Wednesday, July 8, 2015

Summer Blog Party Week 3: Creating Critical Thinkers

This week the Reading Crew is linking up to discuss how we create critical thinkers in our classrooms.  So many of my lessons cross my mind when thinking about how I create critical thinkers.  There is no way to pin point one thing that makes critical thinkers.
Starting from the very first day of school, I work on teaching my third graders to be critical thinkers.  In my opinion, it is not something that can be taught and mastered with a lesson or even a few lessons. Becoming a critical thinker takes a lot of practice and a lot of modeling by the teacher.  You can't expect students to automatically become a critical thinker after one lesson.  When I think of critical thinking, several things come to mind; metacognition, schema, inferring, questioning, determining importance, visualizing, and synthesizing.  All of these are important when becoming a critical thinker.

Have you ever read Comprehension Connections; Bridges to Strategic Reading by Tanny McGregor?  It is one of my favorite books.  I have read through it multiple times and it's always within arm's reach on my desk.  It has post-it notes sticking out of the pages, sentences highlighted, underlined phrases, and corner of pages folded over for easy access.  This book gives tangible, visual, and every day lessons to teach metacognition, schema, inferring, questioning, determining importance, visualizing, and synthesizing.  It is a must-have book!

I am not going to spend this whole post discussing all of Tanny McGregor's great amazing ideas.   But what I do want to share with you is a book I came across at Half Price Books that I think is perfect for modeling some of these skills that will create critical thinkers.  The book is called Window by Jeannie Baker.  I found it in the clearance spot for $1.00!  Can't beat that! The book starts with a mother, holding a newborn son, gazing out the window of his room at vegetation, tropical birds, a pond, and a kangaroo.  The remaining pages show the development, over a 20 year period, of the area outside the window.  And did I mention that this is a wordless picture picture book?!?!

Wordless picture books are a great way to build literacy skills.  Younger students learn to use picture clues when looking at wordless picture books.  Students also begin to understand story structure.  PLUS, I think wordless picture books are perfect at creating critical thinkers.  They force you to think about your thinking (metagcognition) and infer based on the picture clues and your schema. And don't forget about all of the questioning one does during a wordless picture book.  There are so many open-ended questions one can have while diving into a book.  There are so many reading skills one can practice when enjoying a wordless picture book.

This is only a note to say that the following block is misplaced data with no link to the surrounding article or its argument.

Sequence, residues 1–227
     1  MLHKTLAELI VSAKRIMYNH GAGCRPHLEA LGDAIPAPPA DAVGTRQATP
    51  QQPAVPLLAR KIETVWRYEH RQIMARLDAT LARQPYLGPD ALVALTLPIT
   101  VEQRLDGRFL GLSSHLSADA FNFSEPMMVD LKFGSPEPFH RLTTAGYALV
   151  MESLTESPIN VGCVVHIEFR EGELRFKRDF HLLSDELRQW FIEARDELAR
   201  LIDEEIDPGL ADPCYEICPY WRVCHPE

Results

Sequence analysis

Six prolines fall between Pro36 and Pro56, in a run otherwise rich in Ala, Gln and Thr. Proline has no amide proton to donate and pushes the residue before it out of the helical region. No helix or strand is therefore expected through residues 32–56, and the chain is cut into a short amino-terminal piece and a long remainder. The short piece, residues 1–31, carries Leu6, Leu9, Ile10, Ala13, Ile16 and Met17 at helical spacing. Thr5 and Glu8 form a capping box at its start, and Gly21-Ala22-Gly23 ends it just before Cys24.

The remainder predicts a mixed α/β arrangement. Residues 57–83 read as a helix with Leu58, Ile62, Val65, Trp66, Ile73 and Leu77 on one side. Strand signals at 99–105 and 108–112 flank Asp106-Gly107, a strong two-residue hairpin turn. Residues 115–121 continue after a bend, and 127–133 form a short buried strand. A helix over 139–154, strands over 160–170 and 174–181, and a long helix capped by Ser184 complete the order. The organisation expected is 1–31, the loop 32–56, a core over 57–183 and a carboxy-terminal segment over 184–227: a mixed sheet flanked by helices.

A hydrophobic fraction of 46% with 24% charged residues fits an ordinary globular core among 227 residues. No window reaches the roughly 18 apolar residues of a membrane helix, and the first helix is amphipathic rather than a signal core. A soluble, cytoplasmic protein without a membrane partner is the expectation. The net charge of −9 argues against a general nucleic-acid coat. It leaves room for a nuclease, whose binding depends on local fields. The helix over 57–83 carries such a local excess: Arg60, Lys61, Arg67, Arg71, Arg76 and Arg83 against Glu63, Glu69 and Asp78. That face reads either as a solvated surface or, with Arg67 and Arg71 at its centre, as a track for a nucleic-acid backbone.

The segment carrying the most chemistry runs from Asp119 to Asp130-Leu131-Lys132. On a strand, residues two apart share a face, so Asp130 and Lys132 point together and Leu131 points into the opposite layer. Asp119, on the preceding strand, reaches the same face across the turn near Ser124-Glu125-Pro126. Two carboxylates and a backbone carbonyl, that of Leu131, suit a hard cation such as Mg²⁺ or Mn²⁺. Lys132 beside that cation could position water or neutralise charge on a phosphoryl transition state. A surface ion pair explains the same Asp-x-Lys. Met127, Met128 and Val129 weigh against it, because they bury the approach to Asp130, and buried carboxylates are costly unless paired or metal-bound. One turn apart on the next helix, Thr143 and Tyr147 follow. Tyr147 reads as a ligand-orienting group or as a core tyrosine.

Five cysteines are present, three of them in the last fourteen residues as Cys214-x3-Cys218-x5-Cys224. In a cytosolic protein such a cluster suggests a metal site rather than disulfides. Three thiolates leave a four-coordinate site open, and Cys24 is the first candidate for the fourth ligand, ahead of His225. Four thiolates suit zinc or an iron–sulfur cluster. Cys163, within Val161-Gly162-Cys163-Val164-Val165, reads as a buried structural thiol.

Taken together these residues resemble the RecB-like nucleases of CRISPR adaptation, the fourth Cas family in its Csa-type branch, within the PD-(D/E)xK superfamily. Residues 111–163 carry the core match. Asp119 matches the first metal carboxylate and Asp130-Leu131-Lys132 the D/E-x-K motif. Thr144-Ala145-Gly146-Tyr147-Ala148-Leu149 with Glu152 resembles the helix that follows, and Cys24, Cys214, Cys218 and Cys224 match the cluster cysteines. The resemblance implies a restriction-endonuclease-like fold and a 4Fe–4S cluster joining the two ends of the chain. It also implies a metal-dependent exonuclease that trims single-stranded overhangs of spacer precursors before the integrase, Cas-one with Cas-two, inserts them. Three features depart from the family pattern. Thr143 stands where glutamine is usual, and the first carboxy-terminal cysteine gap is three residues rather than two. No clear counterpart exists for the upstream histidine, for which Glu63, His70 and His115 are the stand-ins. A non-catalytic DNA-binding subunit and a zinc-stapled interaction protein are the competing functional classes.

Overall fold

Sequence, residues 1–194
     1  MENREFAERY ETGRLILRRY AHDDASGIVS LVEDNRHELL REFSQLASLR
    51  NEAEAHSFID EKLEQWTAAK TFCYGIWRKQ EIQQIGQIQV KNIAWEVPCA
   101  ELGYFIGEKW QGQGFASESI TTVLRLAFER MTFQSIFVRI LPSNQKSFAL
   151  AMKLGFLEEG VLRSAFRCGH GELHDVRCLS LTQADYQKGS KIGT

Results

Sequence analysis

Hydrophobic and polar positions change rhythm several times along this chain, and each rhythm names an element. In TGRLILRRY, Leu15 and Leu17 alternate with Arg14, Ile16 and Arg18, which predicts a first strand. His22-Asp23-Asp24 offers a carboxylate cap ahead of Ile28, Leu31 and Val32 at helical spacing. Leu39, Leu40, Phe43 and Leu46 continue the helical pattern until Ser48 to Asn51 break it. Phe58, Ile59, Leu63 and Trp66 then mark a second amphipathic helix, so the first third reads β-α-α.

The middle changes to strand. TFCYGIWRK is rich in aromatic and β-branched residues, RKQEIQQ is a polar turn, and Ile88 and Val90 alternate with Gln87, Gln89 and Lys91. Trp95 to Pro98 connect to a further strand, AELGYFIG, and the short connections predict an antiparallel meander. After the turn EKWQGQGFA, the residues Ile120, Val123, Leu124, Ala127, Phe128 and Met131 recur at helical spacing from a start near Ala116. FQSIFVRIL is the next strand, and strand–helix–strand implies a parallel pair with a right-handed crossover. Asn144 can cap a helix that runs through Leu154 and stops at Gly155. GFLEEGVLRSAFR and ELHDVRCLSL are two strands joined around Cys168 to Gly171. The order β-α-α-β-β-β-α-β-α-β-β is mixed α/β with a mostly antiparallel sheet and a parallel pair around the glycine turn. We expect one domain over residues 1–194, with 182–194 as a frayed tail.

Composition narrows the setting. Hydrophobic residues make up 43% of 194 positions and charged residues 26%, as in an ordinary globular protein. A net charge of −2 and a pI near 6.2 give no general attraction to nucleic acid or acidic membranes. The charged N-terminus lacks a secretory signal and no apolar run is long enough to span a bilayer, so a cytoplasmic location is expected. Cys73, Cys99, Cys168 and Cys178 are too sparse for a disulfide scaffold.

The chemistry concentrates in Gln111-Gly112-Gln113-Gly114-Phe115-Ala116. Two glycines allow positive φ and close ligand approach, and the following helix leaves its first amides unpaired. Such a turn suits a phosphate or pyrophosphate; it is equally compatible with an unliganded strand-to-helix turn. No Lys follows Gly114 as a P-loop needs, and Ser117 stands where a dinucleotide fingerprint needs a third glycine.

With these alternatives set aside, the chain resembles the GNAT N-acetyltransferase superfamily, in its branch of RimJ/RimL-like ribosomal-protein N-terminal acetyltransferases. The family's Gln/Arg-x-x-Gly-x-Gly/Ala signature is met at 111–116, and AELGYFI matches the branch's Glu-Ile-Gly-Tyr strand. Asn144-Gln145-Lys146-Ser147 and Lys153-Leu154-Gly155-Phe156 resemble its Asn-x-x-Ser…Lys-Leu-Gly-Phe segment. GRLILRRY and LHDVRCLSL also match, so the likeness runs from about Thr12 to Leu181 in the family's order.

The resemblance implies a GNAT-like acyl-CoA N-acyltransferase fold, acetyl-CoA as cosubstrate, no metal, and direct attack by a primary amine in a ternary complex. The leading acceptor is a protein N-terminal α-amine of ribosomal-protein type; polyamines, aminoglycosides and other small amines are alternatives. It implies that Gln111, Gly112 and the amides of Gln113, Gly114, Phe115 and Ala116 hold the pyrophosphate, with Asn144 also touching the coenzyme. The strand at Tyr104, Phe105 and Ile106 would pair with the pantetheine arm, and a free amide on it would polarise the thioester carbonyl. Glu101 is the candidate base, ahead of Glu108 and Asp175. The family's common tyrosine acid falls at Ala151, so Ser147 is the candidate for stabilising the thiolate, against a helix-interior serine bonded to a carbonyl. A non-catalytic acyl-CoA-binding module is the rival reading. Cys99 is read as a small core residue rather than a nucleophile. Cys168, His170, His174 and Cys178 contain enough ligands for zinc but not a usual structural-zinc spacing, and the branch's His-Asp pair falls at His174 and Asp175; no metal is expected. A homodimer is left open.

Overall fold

Let's dive into this awesome find.  Take a look at the first two pages of Window.  I added a few examples of what I would model out loud to my students.
The best thing about Window is that every single page adds deeper thinking, inferences, and questions.  Check out the next page....

Alright....I'll show you the next page in the book.  BUT it'll be the last because you'll have to purchase this book to add to your library.  Trust me, it's worth it.

Oh my....there is so much to say about this page!!!  What are your thoughts?  Can you picture your students coming up with questions and inferences?  Are you curious how the story ends?  I guess you will have to purchase the book!

Below are a few wordless picture books that are worth checking out and adding to your library.


  1. What a beautiful book! It's been added to "to buy" list! Thanks for sharing!

  2. Thanks for a fantastic lesson idea! I have the Tanny McGregor book, but sadly, have never read it. Too many other books taking my attention. Perhaps I need to make it a priority!

  3. Beautiful book! Thanks for sharing! That's one I will need to check out! :)
    Inquiring Our Way Through Third Grade